The Effect of CNF on Storm Water Remediation (SRET 2019)

Research Summary Poster


  • Juanita Purdy, Science Teacher, J.M. Alexander Middle School
  • Maya Foxworth, Krystal Wilson, Chyna Bly and Carrie Lowe, JCSU Student Researchers
  • Todd Coolbaugh, Ph.D, Assistant Professor, Chemistry, Johnson C. Smith University
  • Tracy Brown, Ph. D, Assistant Professor, Chemistry, Johnson C. Smith University

Project Focus

Stormwater runoff is a serious pollution concern at construction sites and is an emerging concern in urban areas with large coverages of hard surfaces such as roads and parking lots. In both cases one of the most detrimental, and difficult to control, environmental problems associated with stormwater runoff are colloidal suspensions, which consist of micro- to nanometer sized organic and inorganic particles — think dust and tiny oil drops. These particles usually bear surface charges which prevent them from sticking together and sinking in catchment basins. If these small particles are swept into waterways they result in increased turbidity, that is, cloudiness, a key water quality indicator. Nearly all of Charlotte’s waterways are characterized by high turbidity. One solution to this problem, widely adopted by the construction industry, including NCDOT, is to add flocculants to storm water catchments. “Flocculation is the process where multiple particles are bridged together to form flocs or flakes.” Flocculants are typically polymers (polyanions) that neutralize surface charge and cross-link the particles leading to coagulation and settling. The most commonly used polymers, currently, are polyacrylamide derivative. The use of polymers is not without some controversy. The monomeric precursors of both of these polymers are considered to be known carcinogens but there is no evidence the polymers are themselves carcinogenic. However concerns about small amounts of unreacted monomers and possible degradation products raises some concerns. A range of laboratory techniques, including Raman spectroscopy, as well as batch studies (jar studies) will be carried out with both artificial and grab samples of stormwater to investigate the use of cellulose nanofibrils as environmentally safe flocculating agents. Participants will also be introduced to pH, conductivity and turbidity measurements and will become more familiar with environmental science, nanotechnology and polymer science.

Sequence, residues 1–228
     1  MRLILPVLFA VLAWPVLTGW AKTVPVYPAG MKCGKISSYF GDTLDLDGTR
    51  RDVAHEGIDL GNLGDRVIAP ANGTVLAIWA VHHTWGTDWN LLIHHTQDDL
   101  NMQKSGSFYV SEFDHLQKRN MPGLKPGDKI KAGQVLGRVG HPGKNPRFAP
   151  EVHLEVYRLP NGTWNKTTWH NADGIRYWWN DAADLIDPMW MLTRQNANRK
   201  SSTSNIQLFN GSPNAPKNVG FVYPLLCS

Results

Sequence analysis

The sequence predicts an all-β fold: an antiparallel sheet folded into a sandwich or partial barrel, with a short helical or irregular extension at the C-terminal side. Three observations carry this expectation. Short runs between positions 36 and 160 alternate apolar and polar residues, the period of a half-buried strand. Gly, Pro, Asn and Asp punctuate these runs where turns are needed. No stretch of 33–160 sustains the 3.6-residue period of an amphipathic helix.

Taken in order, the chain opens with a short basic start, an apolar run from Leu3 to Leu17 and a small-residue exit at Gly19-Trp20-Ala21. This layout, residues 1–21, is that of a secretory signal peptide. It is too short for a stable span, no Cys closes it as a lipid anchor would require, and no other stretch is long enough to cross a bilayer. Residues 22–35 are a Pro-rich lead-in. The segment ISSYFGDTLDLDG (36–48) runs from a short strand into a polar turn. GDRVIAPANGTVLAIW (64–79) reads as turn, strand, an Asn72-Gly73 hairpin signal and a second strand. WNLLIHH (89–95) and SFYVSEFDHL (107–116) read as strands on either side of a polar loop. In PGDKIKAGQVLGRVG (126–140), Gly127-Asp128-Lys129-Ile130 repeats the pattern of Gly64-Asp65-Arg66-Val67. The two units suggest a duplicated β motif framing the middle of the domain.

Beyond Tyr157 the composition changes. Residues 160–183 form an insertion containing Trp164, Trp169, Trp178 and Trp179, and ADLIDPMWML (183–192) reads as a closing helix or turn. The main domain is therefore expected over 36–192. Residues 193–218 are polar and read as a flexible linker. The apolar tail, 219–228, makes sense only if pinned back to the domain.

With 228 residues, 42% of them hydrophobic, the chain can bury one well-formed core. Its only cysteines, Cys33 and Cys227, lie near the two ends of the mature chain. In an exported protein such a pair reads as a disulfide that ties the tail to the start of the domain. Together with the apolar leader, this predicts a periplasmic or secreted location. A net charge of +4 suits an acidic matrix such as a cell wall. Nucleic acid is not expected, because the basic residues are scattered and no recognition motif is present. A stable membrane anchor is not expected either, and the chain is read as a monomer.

Research Abstract

Water Pollution is a major problem that is affecting urban areas environments and human health.  One area of water pollution that is of a concern to Charlotte and other major development areas of North Carolina is storm water runoff.  Storm water runoff can occur in areas that have large surface areas such as construction sites, farm land or industry sites.  One problem associated with this runoff is colloidal suspensions such as dust particles and tiny oil drops which contain surfaces charges and prevents them from bonding together (flocculation).  These particles remain in the water and increase turbidity, (water cloudiness) a key indicator of water quality.

This research examined TEMPO oxidized CNF (Cellulose Nanofibrils) that were provided by Forest Product Laboratory of the US Department of Agriculture.  This product offers a sustainable solution for wastewater treatment due to being renewable and biodegradable. It is hypothesized these ionic nanoparticles have enough flexibility to allow sediments of wastewater to be settled out of the water without adding harsh or carcinogenic chemicals.

The soil samples that were collected from various locations were added to deionized water and subjected to magnetic stirring to simulate storm water runoff. The effects of CNF concentration, pH and setting time were investigated.  From the samples, substantial sedimentation was observed and colloidal suspensions were formed.  In addition, initial observations indicate that CNF addition causes some flocculation.  The efficiency of flocculation increased with an increase of pH. At longer settling times, a substantial increase in turbidity was noted as well as the formation of stable colloids. CNF has not at this time affected turbidity in stable colloids which may suggest a possible negative charge of the colloidal particles.  Additional research is needed for this determination.